Finding a group that fits your interests is a very important part of being happy in college. When I first came to college, I joined some traditional clubs, such as Spanish Club, a sorority, and a professional writing club.

However, if I had been interested in a more unique hobby, such as lumber jacking, I would have been out of luck at my school. I guess I would have had to transfer to another school – like Michigan Technological University – to pursue my passion.

Many schools are now offering clubs and organizations for their students that are more diverse and unique. Check out some of the most unique college clubs- and see if anything peaks your interest:
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New Jersey Students Pay Even More for a College Education

It’s a very commonly accepted fact: college is expensive. I feel like I have written hundreds of blogs about this sensitive subject, but sadly, here I am writing yet another about an expensive commodity becoming even more so. According to NJ.com, all four-year colleges in New Jersey will be raising their tuition rates for the 2011-2012 school year.

Last spring, students at various colleges throughout the state held rallies and protests to call for a tuition freeze, but unfortunately, their efforts were to no avail and now, all of the schools in the state will be becoming even more expensive as they raise their rates by anywhere between one and 7.4 percent. This means that annual fees will range from $10,021 at New Jersey City University to more than $40,000 at private universities like Drew University.

Even though the schools have increased their tuition rates, they are trying to be mindful of the students’ wishes. Rutgers University, Princeton University, and William Paterson University all raised their tuition rates, but it was the lowest increases the schools have implemented in years.

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Piazza Takes Study Groups into the Digital Age

Pooja Nath was one of the few women to study engineering at the Indian Institute of Technology Kanpur in India. Since most of her classmates were males, Nath had a hard time finding people to study with.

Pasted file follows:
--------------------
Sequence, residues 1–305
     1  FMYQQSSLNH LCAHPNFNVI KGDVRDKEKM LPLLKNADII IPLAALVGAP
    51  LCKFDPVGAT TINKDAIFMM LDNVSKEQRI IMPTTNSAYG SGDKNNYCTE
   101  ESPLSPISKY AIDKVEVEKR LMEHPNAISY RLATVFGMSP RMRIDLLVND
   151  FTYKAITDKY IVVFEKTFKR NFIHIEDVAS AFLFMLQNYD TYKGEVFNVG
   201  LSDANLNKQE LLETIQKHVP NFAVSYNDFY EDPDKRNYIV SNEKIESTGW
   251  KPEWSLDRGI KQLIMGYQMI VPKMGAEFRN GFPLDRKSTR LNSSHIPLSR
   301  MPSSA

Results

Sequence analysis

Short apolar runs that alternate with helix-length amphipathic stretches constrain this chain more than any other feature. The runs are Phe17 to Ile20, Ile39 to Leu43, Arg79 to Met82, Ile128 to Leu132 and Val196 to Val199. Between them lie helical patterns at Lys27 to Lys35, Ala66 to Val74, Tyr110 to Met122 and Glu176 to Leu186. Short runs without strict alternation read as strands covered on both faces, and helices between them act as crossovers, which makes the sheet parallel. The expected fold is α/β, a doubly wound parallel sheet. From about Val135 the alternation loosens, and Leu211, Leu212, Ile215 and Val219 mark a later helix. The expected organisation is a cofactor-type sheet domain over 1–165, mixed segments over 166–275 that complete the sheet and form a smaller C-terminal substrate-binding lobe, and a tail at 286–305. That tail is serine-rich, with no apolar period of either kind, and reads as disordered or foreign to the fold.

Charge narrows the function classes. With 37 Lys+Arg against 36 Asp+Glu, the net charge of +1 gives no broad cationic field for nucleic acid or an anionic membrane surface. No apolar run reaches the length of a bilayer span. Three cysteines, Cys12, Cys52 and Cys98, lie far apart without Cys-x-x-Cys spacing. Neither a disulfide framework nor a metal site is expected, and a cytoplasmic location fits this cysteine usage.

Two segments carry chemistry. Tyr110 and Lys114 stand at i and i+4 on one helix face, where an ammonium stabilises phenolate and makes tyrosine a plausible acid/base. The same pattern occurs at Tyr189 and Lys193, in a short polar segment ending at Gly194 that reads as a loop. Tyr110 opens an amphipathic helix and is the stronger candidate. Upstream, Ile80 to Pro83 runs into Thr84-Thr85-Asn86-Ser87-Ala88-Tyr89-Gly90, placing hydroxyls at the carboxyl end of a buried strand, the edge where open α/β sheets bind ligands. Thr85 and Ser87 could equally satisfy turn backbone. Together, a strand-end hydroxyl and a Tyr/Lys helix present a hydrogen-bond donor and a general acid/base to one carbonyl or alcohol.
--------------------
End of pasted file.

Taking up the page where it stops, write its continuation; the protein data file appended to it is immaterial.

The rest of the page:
“Back then, no one owned a laptop, there was no Internet in the dorm rooms,” said Nath. “So everyone in my class would be working in the computer lab together. But all the guys would be communicating with each other, getting help so fast, and I would be on the sidelines just watching.”

This difficult experience during her undergraduate studies prompted Nath to create a website called Piazza. Nath created Piazza in 2009 when she was studying at Stanford Graduate School of Business as a way for students to get help with their studies, even if they can’t find a study group that works for them.

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Lee Iacocca’s Education Background

Lee Iacocca is the former CEO of Chrysler. He is an Italian American whose parents moved to the USA from Italy. EDUinReview will now take a look at his education background.

Iacocca was born on October 15, 1924 in Allentown, Pennsylvania. His parents owned a restaurant, Yocco’s Hot Dogs, in Pennsylvania’s steel making belt. His full name is Lido Anthony, an unusual name that is rumored to be because he was conceived during his parents’ honeymoon in Venice in Lido. However, Iacocca does not support this rumor.

Iacocca graduated from Allentown High School in 1942. After high school, he attended Lehigh University, where he earned his degree in industrial engineering. In high school, he was a member of the Tau Beta Pi fraternity and the engineering honor society.

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Less Than Half of New Jersey Students Graduate in Four Years

Graduation prospects are glum for New Jersey college students. Less than half will graduate with a bachelor’s degree in four years.

A Star-Ledger summary of graduation statistics from campuses around the state found that four-year graduation rates varied  from 6 percent at New Jersey City University to 90 percent at Princeton University. Data was gathered from the federal Department of Education’s latest statics, which were compiled in 2008.

“This is not the best we can do,” said Kean University President, Dawood Farahi. “We need to shift the paradigm. We need to focus on the student outcomes and the graduation of the students.”